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Couples go online with wedding plans

Last updated on: February 20, 2012 12:11 IST

Couples go online with wedding plans

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Avantika Bhuyan

Don't want to send paper invitations on your wedding? A rash of 'wed sites' send personalised SMS reminders, travel options and weather updates to the guests

No one had ever heard of a wed site, a wedding website, in Ambika Anavkar's family. There were excited exclamations from family and friends when this 27-year-old sent them a link. The site took them on a sentimental ride through the "romantic journey" of the couple and offered them a glimpse of the festivities to come. "I have a lot of friends and relatives who stay abroad and couldn't come for the wedding," says Anavkar who tied the knot on December 26, 2011. "The site, which was gifted to me by a web developer friend, gave them the opportunity to be a part of the ceremonies." The new wife has shifted to Delhi, and is being bombarded with queries about her sleek and elegant site.

Wed sites are creating a buzz in the wedding industry -- estimated now at a whopping Rs 190,000 crore. Recession or not, people are not shy of spending on what they believe is the most important day of their lives. They try to outdo each other by making their weddings unique. Some fly to ancient European churches for the event, others pay international celebrities to perform at a function. Every year a new fad is added to the package. The latest is personalised wedding websites.



Tags: Anavkar , SMS , Delhi

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Couples go online with wedding plans

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Gone are the days when you could lure people to your wedding with an attractive card and a box of chocolates. When your website can send out personalised SMS reminders to your guests, why waste time on paper invitation cards? "I believe that costly and elaborate invitation cards are going to be a thing of the past," says Dhawal Oza, director of DreamZ Events n Ideas, a company that offers wedding planning as part of its services. "They will be replaced by a URL. A customised domain offers couples a platform to put up details from the wedding venue to travel options to what weather to expect."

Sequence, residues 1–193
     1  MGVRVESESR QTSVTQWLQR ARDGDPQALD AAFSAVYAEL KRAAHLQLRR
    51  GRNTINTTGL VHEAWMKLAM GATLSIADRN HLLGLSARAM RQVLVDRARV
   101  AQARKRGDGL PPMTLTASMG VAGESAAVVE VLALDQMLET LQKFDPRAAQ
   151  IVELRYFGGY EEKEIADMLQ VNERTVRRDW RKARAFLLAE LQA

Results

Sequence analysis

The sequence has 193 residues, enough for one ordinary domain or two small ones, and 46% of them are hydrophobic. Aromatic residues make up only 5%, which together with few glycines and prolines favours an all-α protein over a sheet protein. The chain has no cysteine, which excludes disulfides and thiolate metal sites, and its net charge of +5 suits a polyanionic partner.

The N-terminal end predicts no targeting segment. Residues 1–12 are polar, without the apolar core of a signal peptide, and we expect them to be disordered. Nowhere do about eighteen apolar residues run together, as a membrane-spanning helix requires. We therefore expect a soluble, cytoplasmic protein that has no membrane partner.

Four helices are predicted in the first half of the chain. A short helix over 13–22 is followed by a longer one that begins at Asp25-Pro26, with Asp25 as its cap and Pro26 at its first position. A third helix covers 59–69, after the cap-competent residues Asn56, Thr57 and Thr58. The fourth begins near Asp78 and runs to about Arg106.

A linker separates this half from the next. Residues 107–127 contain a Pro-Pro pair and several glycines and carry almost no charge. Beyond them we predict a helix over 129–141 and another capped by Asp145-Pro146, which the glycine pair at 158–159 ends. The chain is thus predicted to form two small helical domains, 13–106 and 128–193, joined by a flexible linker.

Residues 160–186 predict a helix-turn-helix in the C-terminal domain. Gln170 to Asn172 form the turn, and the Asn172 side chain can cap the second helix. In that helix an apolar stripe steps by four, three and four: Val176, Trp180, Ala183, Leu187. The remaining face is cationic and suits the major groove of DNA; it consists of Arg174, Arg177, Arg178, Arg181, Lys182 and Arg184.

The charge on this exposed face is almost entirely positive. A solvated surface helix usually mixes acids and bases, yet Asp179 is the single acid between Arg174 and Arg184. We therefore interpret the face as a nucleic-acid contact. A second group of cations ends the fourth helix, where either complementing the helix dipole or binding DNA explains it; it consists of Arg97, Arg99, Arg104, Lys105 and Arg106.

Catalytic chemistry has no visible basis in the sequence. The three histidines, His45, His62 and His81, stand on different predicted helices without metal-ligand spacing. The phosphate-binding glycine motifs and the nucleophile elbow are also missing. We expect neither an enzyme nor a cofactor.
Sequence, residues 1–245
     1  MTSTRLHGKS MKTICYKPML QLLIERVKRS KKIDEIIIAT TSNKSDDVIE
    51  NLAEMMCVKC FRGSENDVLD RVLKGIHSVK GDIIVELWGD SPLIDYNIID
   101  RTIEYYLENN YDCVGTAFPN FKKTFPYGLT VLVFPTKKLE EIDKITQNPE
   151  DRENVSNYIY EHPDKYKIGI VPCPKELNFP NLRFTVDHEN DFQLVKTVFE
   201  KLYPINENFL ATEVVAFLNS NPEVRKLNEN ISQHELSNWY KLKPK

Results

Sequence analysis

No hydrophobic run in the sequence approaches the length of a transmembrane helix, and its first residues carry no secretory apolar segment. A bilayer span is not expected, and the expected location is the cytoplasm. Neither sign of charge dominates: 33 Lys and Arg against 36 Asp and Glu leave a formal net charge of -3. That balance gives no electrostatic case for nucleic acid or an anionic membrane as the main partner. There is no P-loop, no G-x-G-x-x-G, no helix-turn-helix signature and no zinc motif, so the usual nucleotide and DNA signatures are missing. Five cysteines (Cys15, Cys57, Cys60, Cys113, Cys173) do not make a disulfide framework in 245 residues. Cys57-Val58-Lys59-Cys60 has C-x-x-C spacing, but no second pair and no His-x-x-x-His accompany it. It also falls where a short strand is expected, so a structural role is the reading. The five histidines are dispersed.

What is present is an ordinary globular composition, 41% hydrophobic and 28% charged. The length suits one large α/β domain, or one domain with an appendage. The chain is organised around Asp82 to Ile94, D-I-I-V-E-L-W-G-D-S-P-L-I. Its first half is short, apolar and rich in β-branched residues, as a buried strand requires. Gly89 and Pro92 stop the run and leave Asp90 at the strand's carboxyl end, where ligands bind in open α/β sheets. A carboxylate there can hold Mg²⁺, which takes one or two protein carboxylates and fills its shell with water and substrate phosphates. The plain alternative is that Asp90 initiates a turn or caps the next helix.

Websites are easy to use, easily accessible and a reliable means of communication. For people like Anavkar, it is also a sure shot way of ensuring that the invitations reach the concerned people. "Very often, invitations get lost on the way and people don't turn up because they didn't receive theirs. Also, I wanted to minimise the usage of paper in my wedding, so sending an e-invite through the site seemed like an attractive idea," she says.



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Getting an attractive wedding website in place is not rocket science. There are Do-It-Yourself (DIY) websites based in the USA that offer free wed sites on their domains. All a couple needs to do is log on to a site like mywedding.com or eWedding.com, choose a template and follow a series of easy steps. When Gitanjoli Bordoloi and Gurpreet Singh, a couple from Switzerland, came to India last month to get married, they decided to follow this route. Not willing to spend a lot on their website, they found mywedding.com perfect for what they had in mind. "I just wanted my friends back home to connect with our story through music and photographs. So this service was ideal for us," says Bordoloi.

Some websites offer paid themes that can be customised according to a couple's requirements. For instance, for his wedding on January 25, Bangalore-based Hrish Thota purchased a $70 theme from WooThemes.com, a site that allows you to use any of its templates, with flexible components, for the big announcements in your life.